Interviews - Online
Post your questions for Vladimír ©pidla
www.eu2009.cz. The chat is conducted simultaneously in two language versions – in Czech for the local public and in English for readers abroad. Czech and English questions appear only in their respective language versions. To read all the questions, open both chat versions.Vladimír ©pidla, Commissioner responsible for Employment, Social Affairs and Equal Opportunities, will answer your questions online in the European chat TODAY at 2 p.m. You can start posting your questions concerning Czech EU Presidency several hours in advance. After the chat is closed, the most interesting questions and answers from both language versions will be published in the ’News and Documents’ section on
Questions and Answers
- Andina, 2. 3. 2009, 12:38
Dear Mr Commissioner, if I understand it correctly, the Lisbon Treaty should decrease the number of Commissioners. So my question is - are some Commissioners redundant? If they are, why do we have so many Commissioners today? Which ones are redundant specifically? And if they are not redundant, why are we going to cancel their posts after Lisbon Treaty comes into force? Thank you.
- responded to, 2. 3. 2009, 14:49
First, the number of commissioners is stipulated by the Treaty and the main principle of the Treaty from the beginning of the EU is that all member states are represented at the level of commissioners. The whole constitutional and institutional structure relies on the basis of this principle. If you look at the number of commissioners prior to the Enlargement, that is to say 15, there are many governments consisting of 15 members but you will also find governments of more than 15 members. As regards the way of creating portfolios of individual commissioners, there is no managerial or logical rule for that. This often depends on national tranditions. When the decision to enlarge the EU by new member states was made, the Nice Treaty determined that after the 2009 election there would be less commissioners than member states. This is only logical if you imagine that the EU is enlarged by the Balkan states, which would mean that there would be more than 30 commissioners. It is possible that we are approaching a very high number of commissioners but the final decision will depend on an agreement of member states and the outcome of the debate on the institutional arrangement. Originally, the proposal presented by the Lisbon Treaty assumed that the number of commissioners would be decreased to 2 thirds of the number of member states. But this debate has not yet ended. As regards the individual commissioners´ portfolios, these are constituted reasonably and have their content. To sum up, the overall outcome will be based on a general solution and not only on the evaluations of the individual portfolios.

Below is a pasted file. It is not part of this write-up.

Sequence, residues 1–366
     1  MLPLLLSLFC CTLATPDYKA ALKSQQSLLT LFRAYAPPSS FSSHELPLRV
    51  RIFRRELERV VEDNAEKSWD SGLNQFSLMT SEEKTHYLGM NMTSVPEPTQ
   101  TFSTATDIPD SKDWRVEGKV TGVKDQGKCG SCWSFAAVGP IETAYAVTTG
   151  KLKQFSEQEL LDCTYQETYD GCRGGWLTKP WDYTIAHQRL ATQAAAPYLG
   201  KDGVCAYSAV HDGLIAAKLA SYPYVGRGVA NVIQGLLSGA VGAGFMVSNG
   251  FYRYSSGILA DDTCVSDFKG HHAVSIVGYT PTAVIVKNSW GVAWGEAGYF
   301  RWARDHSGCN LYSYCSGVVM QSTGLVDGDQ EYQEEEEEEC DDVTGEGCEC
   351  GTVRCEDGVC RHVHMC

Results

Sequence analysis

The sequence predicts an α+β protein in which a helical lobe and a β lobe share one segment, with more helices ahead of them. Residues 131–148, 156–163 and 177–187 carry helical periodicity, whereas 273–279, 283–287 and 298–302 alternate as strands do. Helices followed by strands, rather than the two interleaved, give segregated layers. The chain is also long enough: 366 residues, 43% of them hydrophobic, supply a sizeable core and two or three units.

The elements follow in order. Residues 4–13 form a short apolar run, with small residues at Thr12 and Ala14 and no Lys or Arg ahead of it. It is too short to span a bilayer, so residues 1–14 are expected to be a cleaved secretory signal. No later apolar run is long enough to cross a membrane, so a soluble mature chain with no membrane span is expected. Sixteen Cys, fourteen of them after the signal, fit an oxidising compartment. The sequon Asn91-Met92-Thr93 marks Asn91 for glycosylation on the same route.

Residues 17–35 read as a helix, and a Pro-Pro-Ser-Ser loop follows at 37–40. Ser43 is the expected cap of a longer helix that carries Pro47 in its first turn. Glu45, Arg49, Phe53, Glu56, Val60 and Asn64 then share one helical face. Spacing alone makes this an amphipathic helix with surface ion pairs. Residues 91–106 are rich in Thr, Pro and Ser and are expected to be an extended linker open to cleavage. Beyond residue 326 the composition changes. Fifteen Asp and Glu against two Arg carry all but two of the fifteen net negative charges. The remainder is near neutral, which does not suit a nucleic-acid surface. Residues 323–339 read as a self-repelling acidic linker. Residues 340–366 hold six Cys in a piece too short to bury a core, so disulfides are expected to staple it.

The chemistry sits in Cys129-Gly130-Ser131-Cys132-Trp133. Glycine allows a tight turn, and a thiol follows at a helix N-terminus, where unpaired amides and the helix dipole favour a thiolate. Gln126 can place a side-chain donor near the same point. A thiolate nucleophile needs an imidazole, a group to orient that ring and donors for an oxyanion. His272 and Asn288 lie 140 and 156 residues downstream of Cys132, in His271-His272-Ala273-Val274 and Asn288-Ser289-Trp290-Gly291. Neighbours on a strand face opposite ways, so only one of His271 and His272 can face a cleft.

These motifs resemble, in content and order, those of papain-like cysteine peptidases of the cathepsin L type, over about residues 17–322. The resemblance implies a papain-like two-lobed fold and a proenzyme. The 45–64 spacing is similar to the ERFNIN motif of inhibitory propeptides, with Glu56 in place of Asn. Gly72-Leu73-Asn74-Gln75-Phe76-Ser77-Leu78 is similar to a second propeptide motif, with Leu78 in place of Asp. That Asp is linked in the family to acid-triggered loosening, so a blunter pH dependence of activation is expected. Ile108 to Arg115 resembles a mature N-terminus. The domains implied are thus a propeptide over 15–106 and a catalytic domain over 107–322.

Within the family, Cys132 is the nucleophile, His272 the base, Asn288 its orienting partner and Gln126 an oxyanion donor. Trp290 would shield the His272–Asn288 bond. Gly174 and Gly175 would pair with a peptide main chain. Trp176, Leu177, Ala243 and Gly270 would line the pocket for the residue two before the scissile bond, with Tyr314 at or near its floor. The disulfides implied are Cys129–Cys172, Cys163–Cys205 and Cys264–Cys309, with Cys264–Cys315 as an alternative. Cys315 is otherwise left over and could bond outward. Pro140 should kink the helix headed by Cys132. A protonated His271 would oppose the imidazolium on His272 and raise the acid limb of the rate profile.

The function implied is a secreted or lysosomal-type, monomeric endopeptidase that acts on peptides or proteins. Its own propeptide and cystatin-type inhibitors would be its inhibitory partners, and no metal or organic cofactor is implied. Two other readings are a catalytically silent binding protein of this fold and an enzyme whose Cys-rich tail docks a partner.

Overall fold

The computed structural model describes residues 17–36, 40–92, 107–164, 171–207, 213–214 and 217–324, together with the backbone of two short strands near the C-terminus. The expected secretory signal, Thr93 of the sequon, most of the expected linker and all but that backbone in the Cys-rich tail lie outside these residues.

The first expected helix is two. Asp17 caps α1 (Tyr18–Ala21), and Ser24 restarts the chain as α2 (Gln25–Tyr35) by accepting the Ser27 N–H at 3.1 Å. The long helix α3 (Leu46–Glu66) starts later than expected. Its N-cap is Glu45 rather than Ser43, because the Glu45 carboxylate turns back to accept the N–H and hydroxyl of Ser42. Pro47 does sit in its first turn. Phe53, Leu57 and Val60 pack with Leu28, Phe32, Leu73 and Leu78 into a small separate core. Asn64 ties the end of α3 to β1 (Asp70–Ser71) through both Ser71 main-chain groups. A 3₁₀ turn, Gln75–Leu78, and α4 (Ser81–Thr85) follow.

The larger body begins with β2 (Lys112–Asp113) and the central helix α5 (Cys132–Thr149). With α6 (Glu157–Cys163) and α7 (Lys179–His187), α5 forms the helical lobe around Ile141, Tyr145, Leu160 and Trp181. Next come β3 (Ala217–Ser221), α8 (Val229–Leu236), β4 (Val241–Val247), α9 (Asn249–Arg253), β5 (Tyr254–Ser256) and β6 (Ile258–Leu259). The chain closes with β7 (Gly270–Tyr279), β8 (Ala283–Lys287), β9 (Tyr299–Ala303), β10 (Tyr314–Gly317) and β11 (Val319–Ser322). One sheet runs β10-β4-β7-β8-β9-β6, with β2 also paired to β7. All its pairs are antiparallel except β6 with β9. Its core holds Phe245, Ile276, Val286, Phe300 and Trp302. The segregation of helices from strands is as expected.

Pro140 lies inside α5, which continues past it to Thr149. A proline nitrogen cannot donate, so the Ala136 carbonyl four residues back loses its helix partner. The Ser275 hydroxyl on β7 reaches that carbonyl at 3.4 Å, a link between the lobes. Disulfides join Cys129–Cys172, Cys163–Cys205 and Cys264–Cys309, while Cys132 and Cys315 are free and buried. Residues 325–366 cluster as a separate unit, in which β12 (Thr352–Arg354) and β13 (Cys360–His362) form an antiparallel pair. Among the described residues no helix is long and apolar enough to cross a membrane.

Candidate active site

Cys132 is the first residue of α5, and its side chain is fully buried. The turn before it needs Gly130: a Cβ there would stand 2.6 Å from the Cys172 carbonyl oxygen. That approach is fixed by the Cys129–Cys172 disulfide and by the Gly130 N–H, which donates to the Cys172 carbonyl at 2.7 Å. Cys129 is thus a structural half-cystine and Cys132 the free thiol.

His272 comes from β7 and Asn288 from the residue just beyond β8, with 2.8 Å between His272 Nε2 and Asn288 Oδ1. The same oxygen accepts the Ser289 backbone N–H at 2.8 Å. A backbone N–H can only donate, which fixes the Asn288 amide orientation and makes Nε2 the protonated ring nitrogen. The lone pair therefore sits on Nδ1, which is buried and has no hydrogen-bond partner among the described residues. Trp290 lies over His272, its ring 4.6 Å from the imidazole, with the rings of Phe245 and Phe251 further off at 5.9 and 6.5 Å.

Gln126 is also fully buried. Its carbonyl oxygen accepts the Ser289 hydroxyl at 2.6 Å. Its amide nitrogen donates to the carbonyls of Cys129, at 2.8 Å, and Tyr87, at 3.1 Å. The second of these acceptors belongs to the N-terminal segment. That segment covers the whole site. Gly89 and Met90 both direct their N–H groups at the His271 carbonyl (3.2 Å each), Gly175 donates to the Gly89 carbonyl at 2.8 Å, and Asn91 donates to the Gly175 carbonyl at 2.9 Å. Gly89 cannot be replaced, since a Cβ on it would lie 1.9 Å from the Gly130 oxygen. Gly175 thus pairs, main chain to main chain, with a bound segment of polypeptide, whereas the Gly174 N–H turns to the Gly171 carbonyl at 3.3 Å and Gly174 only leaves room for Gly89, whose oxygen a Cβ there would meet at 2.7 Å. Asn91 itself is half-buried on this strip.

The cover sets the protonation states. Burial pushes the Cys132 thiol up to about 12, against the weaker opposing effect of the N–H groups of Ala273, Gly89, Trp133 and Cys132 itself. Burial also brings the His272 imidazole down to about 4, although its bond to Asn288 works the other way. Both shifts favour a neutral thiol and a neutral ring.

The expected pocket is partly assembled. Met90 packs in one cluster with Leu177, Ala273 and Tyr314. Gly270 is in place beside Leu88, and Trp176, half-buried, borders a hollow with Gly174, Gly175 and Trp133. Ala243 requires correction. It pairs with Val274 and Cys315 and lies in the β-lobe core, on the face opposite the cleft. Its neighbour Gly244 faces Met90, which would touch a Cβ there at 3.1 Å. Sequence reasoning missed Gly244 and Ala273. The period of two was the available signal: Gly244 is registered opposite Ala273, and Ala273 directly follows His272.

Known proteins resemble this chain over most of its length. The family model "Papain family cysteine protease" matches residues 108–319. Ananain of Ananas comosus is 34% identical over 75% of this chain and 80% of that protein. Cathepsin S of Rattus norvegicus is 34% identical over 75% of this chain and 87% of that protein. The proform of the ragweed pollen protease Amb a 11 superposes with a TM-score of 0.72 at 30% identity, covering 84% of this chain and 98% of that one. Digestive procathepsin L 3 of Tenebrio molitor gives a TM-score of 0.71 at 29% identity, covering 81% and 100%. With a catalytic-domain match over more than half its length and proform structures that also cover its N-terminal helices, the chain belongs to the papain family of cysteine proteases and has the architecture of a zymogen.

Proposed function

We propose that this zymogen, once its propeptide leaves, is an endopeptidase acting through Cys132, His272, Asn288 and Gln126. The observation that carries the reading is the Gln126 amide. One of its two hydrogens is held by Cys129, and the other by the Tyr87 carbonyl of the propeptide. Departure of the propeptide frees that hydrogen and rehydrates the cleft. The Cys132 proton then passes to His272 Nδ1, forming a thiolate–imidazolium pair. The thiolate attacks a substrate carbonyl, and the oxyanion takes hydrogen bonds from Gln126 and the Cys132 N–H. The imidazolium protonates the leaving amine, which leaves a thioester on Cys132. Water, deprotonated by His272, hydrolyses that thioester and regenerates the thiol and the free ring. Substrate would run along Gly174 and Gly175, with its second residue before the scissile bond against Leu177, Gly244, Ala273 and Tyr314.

- Sercan, 2. 3. 2009, 11:43
What will be the improvements through processing of Turkey´s candidation?What is the aim of Czech Republic upon this?Thank you for your answer.
- responded to, 2. 3. 2009, 14:18